Description: The Bronze medal is 1 ¼ inches in width. On the obverse is a Navy cruiser under full steam with a B-24 airplane flying overhead with a sinking enemy submarine in the foreground on three wave symbols, in the background a few buildings representing the arsenal of democracy, above the scene the words "AMERICAN CAMPAIGN". On the reverse an American bald eagle close between the dates "1941 - 1945" and the words "UNITED STATES OF AMERICA".
Ribbon: The ribbon is 1 3/8 inches wide and consists of the following stripes: 3/16 inch Oriental Blue 67172; 1/16 inch White 67101; 1/16 inch Black 67138; 1/16 inch Scarlet 67111; 1/16 inch White; 3/16 inch Oriental Blue; center 1/8 triparted Old Glory Blue 67178, White and Scarlet; 3/16 inch Oriental Blue; 1/16 inch White; 1/16 inch Scarlet; 1/16 inch Black; 1/16 inch White; and 3/16 inch Oriental Blue.
a. The American Campaign Medal was awarded to personnel for service within the American Theater between 7 December 1941 and 2 March 1946 under any of the following conditions.
(1) On permanent assignment outside the continental limits of the United States.
(2) Permanently assigned as a member of a crew of a vessel sailing ocean waters for a period of 30 days or 60 nonconsecutive days.
(3) Permanently assigned as a member of an operating crew of an airplane actually making regular and frequent flights over ocean waters for a period of 30 days.
(4) Outside the continental limits of the United States in a passenger status or on temporary duty for 30 consecutive days or 60 days not consecutive.
(5) In active combat against the enemy and was awarded a combat decoration or furnished a certificate by the commanding general of a corps, higher unit, or independent force that he actually participated in combat.
(6) Within the continental limits of the United States for an aggregate period of one year.
b. The eastern boundary of the American Theater is from the North Pole, south along the 75th meridian west longitude to the 77th parallel north latitude, then southeast through Davis Strait to the intersection of the 40th parallel north latitude and the 35th meridian west longitude, then south along the meridian to the 10th parallel north latitude, then southeast to the intersection of the Equator and the 20th meridian west longitude, then south along the 20th meridian west longitude to the South Pole. The western boundary is from the North Pole, south along the 141st meridian west longitude to the east boundary of Alaska, then south and southeast along the Alaska boundary to the Pacific Ocean, then south along the 130th meridian to its intersection with the 30th parallel north latitude, then southeast to the intersection of the Equator and the 100th meridian west longitude to the South Pole. The American Theater included North America (excluding Alaska) and South America.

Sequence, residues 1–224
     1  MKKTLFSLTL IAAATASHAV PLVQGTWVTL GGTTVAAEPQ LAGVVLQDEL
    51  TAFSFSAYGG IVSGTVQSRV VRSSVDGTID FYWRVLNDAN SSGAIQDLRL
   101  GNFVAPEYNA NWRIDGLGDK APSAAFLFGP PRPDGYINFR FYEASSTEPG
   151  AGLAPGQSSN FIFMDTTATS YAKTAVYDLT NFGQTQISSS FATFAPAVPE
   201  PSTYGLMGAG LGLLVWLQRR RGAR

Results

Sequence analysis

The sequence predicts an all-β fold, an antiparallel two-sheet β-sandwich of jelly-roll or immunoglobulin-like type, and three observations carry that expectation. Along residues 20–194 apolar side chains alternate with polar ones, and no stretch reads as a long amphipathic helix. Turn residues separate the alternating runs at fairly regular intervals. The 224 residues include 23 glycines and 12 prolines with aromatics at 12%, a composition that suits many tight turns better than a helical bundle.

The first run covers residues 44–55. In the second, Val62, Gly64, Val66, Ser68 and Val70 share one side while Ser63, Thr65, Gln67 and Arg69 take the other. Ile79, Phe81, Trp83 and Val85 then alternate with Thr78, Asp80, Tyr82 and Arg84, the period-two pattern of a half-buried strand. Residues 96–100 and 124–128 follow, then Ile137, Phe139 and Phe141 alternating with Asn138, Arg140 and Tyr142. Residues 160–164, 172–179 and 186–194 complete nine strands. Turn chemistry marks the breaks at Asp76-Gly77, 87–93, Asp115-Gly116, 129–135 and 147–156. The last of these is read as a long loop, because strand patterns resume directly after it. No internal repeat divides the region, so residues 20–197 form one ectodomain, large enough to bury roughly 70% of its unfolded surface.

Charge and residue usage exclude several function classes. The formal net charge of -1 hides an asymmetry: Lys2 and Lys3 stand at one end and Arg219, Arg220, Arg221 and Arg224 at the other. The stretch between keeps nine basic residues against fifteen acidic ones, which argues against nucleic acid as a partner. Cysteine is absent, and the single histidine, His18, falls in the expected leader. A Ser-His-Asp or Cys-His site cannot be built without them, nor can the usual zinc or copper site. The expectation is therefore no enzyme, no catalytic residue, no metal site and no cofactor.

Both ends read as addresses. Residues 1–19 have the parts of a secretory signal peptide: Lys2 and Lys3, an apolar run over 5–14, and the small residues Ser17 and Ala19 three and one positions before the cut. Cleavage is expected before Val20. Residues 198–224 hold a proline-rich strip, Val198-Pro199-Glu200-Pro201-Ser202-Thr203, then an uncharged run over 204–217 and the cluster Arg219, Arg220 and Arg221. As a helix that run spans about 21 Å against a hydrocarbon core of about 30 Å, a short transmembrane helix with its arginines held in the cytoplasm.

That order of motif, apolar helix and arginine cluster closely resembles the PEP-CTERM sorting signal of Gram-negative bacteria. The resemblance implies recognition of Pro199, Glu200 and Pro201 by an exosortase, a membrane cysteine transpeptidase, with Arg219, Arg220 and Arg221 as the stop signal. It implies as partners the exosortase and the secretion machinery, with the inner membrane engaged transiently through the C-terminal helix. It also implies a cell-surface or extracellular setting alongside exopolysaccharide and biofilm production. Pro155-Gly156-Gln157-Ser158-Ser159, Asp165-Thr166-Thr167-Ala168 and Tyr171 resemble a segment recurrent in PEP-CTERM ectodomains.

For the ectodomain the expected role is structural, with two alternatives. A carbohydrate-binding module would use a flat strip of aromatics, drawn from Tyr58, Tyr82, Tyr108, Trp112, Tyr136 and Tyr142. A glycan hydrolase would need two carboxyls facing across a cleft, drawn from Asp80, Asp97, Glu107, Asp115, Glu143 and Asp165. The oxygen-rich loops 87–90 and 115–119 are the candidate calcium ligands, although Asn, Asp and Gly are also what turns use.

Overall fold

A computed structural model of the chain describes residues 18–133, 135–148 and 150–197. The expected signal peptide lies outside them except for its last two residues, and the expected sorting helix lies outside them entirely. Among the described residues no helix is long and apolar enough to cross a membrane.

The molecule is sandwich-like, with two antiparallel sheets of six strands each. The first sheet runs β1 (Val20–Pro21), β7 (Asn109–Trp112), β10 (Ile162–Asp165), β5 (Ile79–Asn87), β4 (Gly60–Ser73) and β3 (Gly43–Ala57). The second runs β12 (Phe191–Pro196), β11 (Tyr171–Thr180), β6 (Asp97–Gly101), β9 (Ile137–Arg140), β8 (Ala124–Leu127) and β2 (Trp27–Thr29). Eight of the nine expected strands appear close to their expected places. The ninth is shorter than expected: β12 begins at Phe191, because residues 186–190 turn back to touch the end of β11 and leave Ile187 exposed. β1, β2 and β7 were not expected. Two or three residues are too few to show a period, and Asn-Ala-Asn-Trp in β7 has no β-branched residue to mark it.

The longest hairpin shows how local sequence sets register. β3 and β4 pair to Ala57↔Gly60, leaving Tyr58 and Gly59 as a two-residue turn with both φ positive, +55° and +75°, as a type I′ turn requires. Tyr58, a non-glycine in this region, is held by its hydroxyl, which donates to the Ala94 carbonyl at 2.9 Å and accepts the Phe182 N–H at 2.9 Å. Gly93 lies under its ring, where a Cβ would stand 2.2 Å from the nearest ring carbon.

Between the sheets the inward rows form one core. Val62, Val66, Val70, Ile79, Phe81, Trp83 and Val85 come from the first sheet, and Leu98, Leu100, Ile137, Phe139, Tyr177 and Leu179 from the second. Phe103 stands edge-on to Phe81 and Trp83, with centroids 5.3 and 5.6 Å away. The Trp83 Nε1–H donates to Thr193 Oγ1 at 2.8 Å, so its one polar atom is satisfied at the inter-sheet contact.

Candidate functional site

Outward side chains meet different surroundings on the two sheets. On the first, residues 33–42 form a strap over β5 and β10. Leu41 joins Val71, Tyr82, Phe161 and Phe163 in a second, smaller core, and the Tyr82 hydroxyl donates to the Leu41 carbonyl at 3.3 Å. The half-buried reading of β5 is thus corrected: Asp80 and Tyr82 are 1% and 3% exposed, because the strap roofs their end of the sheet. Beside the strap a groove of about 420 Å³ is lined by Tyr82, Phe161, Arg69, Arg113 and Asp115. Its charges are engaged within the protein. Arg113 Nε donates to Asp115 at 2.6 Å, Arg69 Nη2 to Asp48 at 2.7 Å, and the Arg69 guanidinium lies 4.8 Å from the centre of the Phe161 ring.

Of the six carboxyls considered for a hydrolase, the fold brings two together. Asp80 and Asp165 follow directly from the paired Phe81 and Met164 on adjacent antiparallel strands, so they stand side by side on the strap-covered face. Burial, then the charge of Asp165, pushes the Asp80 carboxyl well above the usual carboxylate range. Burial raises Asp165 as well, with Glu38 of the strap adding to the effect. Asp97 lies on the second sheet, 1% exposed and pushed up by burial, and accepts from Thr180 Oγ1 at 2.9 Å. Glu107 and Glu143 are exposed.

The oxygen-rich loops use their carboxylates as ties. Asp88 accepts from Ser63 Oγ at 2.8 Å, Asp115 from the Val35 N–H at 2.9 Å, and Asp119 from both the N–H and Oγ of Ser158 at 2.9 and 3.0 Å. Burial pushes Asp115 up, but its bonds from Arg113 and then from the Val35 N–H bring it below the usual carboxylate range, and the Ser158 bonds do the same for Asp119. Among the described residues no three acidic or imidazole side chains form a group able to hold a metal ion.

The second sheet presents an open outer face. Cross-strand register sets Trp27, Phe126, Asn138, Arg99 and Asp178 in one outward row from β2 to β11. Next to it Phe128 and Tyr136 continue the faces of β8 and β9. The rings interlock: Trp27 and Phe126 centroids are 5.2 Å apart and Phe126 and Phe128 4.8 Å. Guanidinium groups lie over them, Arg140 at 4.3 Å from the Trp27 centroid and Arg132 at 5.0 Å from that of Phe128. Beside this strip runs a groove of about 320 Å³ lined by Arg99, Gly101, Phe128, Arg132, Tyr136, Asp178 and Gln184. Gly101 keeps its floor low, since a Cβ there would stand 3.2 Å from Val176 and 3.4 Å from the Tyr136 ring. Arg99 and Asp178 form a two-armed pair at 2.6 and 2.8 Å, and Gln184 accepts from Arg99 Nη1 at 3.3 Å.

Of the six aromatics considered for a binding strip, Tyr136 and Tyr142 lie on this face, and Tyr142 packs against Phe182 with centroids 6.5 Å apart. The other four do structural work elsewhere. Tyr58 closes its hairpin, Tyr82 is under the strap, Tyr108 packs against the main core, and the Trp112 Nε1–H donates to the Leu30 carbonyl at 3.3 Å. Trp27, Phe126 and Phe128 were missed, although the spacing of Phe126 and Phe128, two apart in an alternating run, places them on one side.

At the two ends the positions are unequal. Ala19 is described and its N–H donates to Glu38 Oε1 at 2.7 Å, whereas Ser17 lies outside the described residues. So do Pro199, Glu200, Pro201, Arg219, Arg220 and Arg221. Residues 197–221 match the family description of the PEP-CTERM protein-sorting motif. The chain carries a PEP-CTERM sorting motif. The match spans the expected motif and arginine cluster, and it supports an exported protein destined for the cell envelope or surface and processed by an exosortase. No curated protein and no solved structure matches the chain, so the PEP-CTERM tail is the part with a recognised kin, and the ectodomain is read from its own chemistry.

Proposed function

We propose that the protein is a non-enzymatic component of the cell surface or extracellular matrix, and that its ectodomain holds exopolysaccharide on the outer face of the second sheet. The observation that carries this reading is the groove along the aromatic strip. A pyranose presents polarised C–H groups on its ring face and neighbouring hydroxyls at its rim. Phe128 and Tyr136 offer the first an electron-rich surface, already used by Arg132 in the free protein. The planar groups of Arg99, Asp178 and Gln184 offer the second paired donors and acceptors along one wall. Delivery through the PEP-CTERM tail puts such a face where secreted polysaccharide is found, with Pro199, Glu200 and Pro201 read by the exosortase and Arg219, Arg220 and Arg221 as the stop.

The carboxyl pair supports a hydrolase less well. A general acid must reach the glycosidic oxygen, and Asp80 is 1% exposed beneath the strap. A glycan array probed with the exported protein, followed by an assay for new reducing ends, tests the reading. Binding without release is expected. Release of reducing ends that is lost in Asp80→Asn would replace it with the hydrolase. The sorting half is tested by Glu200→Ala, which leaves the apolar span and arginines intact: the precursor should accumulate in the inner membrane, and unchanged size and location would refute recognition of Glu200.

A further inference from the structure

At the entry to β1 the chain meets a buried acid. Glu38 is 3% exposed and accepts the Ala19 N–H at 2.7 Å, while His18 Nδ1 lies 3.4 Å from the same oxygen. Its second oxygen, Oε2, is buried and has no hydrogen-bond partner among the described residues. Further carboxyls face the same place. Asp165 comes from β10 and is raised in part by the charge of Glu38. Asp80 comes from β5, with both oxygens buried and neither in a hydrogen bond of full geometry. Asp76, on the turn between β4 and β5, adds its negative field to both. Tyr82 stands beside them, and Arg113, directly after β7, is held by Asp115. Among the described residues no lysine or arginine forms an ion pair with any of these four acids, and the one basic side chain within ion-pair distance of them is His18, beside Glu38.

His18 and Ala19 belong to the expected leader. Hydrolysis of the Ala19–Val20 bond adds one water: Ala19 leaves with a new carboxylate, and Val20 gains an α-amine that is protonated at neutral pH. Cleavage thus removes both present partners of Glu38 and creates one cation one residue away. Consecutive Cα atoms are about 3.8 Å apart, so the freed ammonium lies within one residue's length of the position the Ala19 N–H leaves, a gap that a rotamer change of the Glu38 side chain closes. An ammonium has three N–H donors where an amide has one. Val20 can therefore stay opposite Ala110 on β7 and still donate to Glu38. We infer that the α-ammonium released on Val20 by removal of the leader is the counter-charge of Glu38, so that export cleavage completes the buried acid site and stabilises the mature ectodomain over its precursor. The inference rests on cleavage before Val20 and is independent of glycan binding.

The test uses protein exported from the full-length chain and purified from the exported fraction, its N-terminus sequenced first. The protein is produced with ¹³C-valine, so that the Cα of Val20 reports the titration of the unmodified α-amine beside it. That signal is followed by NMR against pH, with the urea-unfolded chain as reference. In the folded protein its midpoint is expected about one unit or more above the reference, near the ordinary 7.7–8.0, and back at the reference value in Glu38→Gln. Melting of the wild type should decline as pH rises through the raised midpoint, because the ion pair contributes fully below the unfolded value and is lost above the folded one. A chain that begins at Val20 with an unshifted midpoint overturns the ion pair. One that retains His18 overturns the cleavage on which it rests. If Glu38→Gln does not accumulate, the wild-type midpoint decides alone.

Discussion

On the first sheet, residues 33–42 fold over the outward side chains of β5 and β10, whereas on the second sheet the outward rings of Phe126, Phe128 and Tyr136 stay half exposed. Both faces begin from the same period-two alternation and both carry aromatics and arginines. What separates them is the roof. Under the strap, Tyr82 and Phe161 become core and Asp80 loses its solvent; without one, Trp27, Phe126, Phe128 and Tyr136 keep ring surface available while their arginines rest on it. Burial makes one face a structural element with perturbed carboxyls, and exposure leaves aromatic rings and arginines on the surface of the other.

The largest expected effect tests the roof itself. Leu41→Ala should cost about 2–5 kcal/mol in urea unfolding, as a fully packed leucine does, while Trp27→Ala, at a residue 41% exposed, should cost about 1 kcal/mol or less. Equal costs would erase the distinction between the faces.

Components: The following are authorized components:
a. Medal (regular size): MIL-DTL-3943/227. Medal set with full size medal and ribbon bar. NSN 8455-00-269-5760.
b. Medal (miniature size): MIL-DTL-3943/227. Available commercially.
c. Ribbon: MIL-DTL-11589/9. NSN 8455-00-257-0517. Available commercially.
d. Streamer: The American Campaign ribbon is used as a streamer. The Army displays only one streamer on the Army flag, that of the Antisubmarine Campaign, because there were no Army units that received campaign participation credit for the other two designated campaigns.
a. The American Campaign Medal was established per Executive Order 9265, dated 6 November 1942, by President Franklin D. Roosevelt and announced in War Department Bulletin 56, 1942. The criteria was initially announced in Department of the Army (DA) Circular 1, dated 1 January 1943, so that the ribbon could be authorized prior to design of the medal. The criteria for the medal was announced in DA Circular 84, dated 25 March 1948 and subsequently published in Army Regulation 600-65, dated 22 September 1948.
b. The ribbon design was approved by the Secretary of War on 24 November 1942. The blue color represents the Americas; the central blue, white and red stripes (taken from the American Defense Service Medal ribbon) refers to the continuance of American defense after Pearl Harbor. The white and black stripes refer to the German part of the conflict on the Atlantic Coast, while the red and white stripes are for the Japanese colors and refer to that part of the conflict on the Pacific Coast.
c. The medal was designed by Mr. Thomas Hudson Jones. The reverse side was designed by Mr. A. A. Weinman and is the same design as used on the reverse of the European-African-Middle Eastern and Asiatic-Pacific Campaign Medals. The first medal was presented to General of the Army George C. Marshall on 17 December 1947.
d. One bronze star is worn on the ribbon to indicate participation in an authorized campaign. There were three campaigns in the American Theater:
(1) Antisubmarine: 7 Dec 41 - 2 Sep 45.
*(2) Ground Combat: 7 Dec 41 - 2 Sep 45.
*(3) Air Combat: 7 Dec 41 - 2 Sep 45.
* These campaigns are not displayed as streamers on the Army flag.